posted by Bistyfrass at 12:14 PM on December 9, 2017 [4 favorites]

I've never been seriously depressed myself, but I have been in an ultimately unsuccessful relationship with a depressed person. In retrospect, some of the things I would have appreciated were talking to me before things got really bad to explain that this was something he dealt with and was independent of me and our relationship, not the result of something I'd done; making me aware of situations and behaviours that he already knew to be difficult or triggering so that we could make plans to either avoid them or deal with them; and--a fine line here--welcoming help without making me over-responsible for his emotional state.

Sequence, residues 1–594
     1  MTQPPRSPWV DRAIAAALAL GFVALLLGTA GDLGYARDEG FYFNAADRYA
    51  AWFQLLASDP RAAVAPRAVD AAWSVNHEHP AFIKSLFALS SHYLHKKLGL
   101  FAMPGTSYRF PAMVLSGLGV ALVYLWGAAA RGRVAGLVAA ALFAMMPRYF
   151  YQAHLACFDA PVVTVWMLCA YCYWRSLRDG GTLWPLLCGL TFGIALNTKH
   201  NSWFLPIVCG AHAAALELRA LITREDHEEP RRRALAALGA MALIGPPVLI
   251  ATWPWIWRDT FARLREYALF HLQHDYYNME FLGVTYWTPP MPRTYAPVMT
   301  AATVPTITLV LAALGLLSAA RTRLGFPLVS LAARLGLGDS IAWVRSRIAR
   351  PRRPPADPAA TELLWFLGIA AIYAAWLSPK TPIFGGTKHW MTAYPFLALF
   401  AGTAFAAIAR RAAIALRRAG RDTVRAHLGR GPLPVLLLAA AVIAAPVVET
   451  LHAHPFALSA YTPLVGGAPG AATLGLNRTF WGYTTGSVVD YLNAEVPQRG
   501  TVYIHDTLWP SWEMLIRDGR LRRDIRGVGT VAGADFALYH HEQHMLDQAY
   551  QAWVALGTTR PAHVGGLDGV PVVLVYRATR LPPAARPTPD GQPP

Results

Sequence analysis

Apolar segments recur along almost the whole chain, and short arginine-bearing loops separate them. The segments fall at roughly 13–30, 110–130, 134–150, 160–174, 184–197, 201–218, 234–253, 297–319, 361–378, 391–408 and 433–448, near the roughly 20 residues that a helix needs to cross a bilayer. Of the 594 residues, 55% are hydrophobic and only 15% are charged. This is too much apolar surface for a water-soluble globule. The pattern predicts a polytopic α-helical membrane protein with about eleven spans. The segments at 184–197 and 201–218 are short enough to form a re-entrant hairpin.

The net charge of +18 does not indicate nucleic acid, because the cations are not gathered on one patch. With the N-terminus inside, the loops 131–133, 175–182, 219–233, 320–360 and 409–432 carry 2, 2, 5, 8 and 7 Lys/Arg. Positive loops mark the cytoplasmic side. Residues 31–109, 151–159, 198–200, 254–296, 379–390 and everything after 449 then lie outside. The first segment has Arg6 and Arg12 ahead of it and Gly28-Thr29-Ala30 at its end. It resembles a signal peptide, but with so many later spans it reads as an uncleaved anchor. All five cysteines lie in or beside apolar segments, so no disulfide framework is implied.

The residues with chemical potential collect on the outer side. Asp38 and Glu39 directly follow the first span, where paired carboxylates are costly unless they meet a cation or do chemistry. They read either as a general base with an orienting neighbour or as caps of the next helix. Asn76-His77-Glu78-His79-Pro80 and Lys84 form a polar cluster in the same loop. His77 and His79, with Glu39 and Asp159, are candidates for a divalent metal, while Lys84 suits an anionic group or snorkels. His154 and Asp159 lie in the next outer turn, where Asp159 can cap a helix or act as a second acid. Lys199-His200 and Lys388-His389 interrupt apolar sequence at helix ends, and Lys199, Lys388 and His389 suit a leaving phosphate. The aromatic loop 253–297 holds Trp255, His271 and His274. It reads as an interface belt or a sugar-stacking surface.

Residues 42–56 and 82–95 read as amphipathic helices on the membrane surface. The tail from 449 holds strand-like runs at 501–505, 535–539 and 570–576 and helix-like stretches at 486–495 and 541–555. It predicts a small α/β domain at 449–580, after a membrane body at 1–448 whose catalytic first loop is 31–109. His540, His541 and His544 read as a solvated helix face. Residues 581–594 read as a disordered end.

Our breakup happened when he got angry with me for going solo to an event in my honour that had been scheduled for months, and I realized that while I wasn't depressed, I would be sooner or later if I stayed with that relationship. In retrospect, we could both have done a better job of recognizing and enforcing boundaries even before his illness started to manifest, and I've made a point of doing that in all my relationships since then.
posted by rpfields at 12:19 PM on December 9, 2017 [1 favorite]

When you're able, encourage friendships between your partner and other people. Sometimes in relationships people can get all sorts of strange ideas about what's right and wrong in terms of emotional support and even just good times coming from people who aren't their SO. That is a great way to strain a relationship between the most mentally healthy of people.